2014-2015: Jesse Sell (S.M., Comparative Media Studies, 2015)
Situating e-sports broadcasting within the larger sports media industrial complex, discussing e-sportscasters, and investigating the economics behind the growing e-sports industry.
2013-2015: Philip Tan & Nick Mohr
The MIT Overseer project aims to provide casters with real-time graphics to help them tell the story of a game while it is in progress. We are trying out several different ways of displaying what happened in the past of a single game and anticipating what might happen in the near future.
2012-2013: Konstantin Mitgutsch & Steven Schirra
Movers & Shakers is used as a research tool to explore how a social component influences experiences in serious games. In addition subversive game design elements are implemented in the game to foster the players’ thinking process and to get them out of unquestioned routines. In the game the players are challenged to give up their prior egoistic goals to reach their common goal – to save the world. In a nutshell, the game shifts from a competitive to a collaborational gameplay – once the players start communicating.
Playstyle Motivation Explorations
2012-2013: Todd Harper
Across game genres and communities, there are as many styles of play as there are players, from the highly competitive "powergamer" to the MMO fan who's content to just take in the scenery and everything in between. Fugue is a game that asks: what are some of the motivations behind these styles? Do players reflect themselves -- or a desired projection of the self -- through playstyle? Or does the shape and context of the game itself direct such decisions? In order to explore these questions, we created a small, controlled gamespace that gives players an opportunity to express themselves via play.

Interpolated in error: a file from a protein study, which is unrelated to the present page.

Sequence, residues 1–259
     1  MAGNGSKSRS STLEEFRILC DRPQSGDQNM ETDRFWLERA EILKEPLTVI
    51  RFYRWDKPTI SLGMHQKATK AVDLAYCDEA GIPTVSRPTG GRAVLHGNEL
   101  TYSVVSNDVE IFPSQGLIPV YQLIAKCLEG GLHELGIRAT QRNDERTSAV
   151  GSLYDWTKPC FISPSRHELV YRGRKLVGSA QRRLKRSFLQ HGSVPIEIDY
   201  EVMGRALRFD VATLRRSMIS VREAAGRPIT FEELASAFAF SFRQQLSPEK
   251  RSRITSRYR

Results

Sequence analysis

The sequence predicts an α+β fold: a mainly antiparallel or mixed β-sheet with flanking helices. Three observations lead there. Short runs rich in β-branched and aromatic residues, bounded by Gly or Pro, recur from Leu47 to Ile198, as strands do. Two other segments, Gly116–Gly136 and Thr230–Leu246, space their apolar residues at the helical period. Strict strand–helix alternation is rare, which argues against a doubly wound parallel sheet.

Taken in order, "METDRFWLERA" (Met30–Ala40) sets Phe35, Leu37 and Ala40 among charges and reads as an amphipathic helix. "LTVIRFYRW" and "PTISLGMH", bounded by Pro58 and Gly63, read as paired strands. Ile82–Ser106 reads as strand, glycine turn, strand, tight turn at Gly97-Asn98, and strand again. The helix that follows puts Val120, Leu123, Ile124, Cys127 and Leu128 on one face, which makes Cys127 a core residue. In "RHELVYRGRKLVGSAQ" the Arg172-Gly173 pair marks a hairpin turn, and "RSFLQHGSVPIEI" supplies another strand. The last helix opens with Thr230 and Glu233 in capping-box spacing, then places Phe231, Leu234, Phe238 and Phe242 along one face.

2011-2013: Alec Thomson, Clara Fernández-Vara
Puzzledice is a set of tools and programming libraries for procedurally generating puzzles for a wide variety of games. These tools, developed by Alec Thomson at the MIT Game Lab from 2011-2013, are the result of multiple iterations of research and were used to develop Stranded in Singapore during the 2011 summer session of the Singapore-MIT GAMBIT Game Lab.
2012-2013: Abe Stein (S.M., Comparative Media Studies, 2013)
Over the three decade long history of sports videogame development, design conventions have lead to the emergence of a new sports game genre: the televisual sports videogames. These games, which usually simulate major professional or college sports, look and sound like television, and they use televised sports as a reference point for players.
2011-2012: Konstantin Mitgutsch & Narda Alvarado
"Purposeful Games for Social Change" is a list of serious games designed to foster social change/justice or to raise awareness. This list was created in order to create the Purposeful Games Framework, a tool used to assess the cohesiveness in design of serious games.
The Singapore-MIT GAMBIT Game Lab was a six-year research initiative that addressed important challenges faced by the global digital game research community and industry, with a core focus on identifying and solving research problems using a multi-disciplinary approach that can be applied by Singapore's digital game industry. The Singapore-MIT GAMBIT Game Lab focused on building collaborations between Singapore institutions of higher learning and several MIT departments to accomplish both research and development.
Research topics explored included artificial intelligence, game design, computer graphics and animation, character design, procedurally generated content, interactive fiction, narrative design, and video game production. Game prototypes were made for these research topics during the GAMBIT summer internship program, many of which won international recognition at festivals like IndieCade and the Independent Games Festivals held at GDC and GDC China, as well as academic conferences such as Meaningful Play and Foundations of Digital Games.